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ISCHIA, Italy – Before meeting to discuss creativity the film industry, the virtue of not completing things, his six-year-old decision to renounce U.S. citizenship, and to give a few vague hints about his future plans, the award winning writer and director and former Monty Python regular Terry Gilliam addressed a group of young actors and film fans in a side event at the Ischia Global Film & Music Fest. They wouldn’t let him leave. Each remark and insight he made was greeted so enthusiastically that he stayed a little longer. Even as he left the room, one more young man followed him out to explain how the 71-year-old Gilliam had inspired him in his career, hugging him warmly before moving on.
The Hollywood Reporter: Wow. Does that sort of thing happen often to you?
Terry Gilliam: (Laughs) Yes it does. And I love it. I’m an old fart and it’s great to be seen as a kind of inspiration to these young people. When I started out I always said I wanted to have an impact on people, and so whatever else I’ve done at least I know I’ve done that.
THR: You’ve talked a lot about creativity in the past. How healthy do you think creativity is in modern cinema?
Gilliam: It’s not as healthy as I’d like, but as I say that I’ll admit that I would have probably said the same thing in the past. It’s the context that’s different now. There’s more opportunity that before but it’s harder to get noticed. When Python came on there were three channels in all of Britain. Now there are so many outlets for someone who has something to say, but then the next trick is getting noticed amid everything. So the bar has moved.
THR: You’ve spent a lot of time in Italy lately. A couple of weeks back you were at the festival in Taormina [in Sicily], and now here in Ischia. Have you been spending the summer at your house in Italy?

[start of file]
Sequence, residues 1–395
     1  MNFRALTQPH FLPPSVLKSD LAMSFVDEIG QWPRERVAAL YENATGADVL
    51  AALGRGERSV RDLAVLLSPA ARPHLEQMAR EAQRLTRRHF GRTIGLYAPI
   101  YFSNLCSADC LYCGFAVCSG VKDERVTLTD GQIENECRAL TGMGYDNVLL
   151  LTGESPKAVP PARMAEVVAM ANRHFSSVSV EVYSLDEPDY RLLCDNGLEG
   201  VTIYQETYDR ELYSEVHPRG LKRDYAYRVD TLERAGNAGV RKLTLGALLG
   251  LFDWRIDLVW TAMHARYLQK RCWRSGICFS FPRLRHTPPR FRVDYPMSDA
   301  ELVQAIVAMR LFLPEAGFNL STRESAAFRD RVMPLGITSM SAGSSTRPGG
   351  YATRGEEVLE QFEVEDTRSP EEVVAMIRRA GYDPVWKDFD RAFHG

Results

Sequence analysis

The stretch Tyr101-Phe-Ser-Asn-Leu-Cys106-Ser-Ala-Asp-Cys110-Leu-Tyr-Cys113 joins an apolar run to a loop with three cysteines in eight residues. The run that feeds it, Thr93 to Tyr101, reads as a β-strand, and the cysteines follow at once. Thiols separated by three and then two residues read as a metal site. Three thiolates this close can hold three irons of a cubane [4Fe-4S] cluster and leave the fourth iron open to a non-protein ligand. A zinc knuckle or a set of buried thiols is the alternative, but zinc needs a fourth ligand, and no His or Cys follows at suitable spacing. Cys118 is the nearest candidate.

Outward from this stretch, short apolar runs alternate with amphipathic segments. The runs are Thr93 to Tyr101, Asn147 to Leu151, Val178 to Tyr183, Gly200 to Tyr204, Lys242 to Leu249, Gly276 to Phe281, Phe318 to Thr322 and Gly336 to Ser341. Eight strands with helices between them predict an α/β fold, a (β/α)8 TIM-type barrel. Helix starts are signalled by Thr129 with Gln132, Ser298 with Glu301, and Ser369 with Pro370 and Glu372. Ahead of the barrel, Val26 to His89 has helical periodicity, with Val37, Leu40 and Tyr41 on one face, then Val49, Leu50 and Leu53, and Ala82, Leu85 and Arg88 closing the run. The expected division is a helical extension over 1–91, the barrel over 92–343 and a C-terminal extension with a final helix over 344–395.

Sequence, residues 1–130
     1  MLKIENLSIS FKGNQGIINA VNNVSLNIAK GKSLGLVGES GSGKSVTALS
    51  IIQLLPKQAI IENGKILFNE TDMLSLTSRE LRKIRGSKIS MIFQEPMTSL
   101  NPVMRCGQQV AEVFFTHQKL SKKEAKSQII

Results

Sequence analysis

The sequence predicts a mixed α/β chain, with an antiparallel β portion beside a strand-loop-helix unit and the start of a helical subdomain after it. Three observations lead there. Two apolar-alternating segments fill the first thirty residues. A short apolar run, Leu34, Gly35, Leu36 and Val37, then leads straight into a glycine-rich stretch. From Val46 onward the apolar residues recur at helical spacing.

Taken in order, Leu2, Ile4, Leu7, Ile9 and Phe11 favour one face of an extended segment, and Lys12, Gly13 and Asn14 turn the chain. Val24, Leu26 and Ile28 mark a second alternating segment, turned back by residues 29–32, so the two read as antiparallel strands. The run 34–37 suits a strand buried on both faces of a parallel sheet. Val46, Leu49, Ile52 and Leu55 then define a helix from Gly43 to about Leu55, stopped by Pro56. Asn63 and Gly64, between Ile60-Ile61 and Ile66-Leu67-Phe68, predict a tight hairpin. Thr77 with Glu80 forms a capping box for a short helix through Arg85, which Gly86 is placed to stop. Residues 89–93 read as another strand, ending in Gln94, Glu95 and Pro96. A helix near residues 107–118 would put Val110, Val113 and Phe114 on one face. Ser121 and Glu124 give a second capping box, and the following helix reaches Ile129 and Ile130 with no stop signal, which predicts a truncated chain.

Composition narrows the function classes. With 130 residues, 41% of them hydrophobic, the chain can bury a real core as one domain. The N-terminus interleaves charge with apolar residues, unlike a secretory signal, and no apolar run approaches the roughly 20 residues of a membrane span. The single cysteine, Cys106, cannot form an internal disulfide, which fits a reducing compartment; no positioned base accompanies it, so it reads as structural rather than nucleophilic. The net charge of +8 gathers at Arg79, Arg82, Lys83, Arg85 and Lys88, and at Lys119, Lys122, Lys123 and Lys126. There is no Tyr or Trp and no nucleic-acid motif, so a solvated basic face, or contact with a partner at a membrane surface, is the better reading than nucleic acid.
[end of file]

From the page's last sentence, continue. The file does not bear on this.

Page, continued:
Gilliam: No, unfortunately, I don’t spend much time there. I just have a little free time in my schedule so why not go to a film festival? They feed you, you meet interesting people who respect what you do. It’s fun.
THR: I know there are many projects you’ve started and come back to, but none have been so publically started and stopped and restarted as your interpretation of Don Quixote. What is the latest on that project?
Gilliam: It’s off again now. Postponed until next year at least.
THR: Is it still your next project?
Gilliam: No, but I’m not going to talk about my next project. My wife has noted that as soon as I say something about my next project everyone writes about it and then it disappears. I don’t what that to happen this time, so I’m keeping my mouth shut.
THR: Not even a little hint? Could you tell us something small … that can’t hurt anything.
Gilliam: (Pauses) Romania. Let’s just say that I’ve been seen around Bucharest, Romania. That’s it. It used to be that Italy was the best place to make quality films without spending a lot of money. Then, after communism, it was Prague. Then Budapest. Now it’s Bucharest.
THR: You’ve been spending the bulk of your time in Europe since the 1960s, you’ve been a British citizen since 1968, and it’s been six years now since you gave up your U.S. passport [partially in protest of then-U.S. President George W. Bush]. Do you still feel American?
Gilliam: In a lot of ways, yes, I do. I still have the American sense of optimism. No matter how bad things are, I still go to bed thinking they will be better tomorrow.
THR: Is that a good thing or a bad thing?
Gilliam: It’s mostly a good thing, but you need more. When we bought our house in Italy it was a complete ruin. Now it’s proper and finished and wonderful … and it’s also less interesting. I’m intrigued by the unfinished. Maybe the Don Quixote project fits into that as well. Maybe you always need to have something vying for your attention, something yet to be completed.
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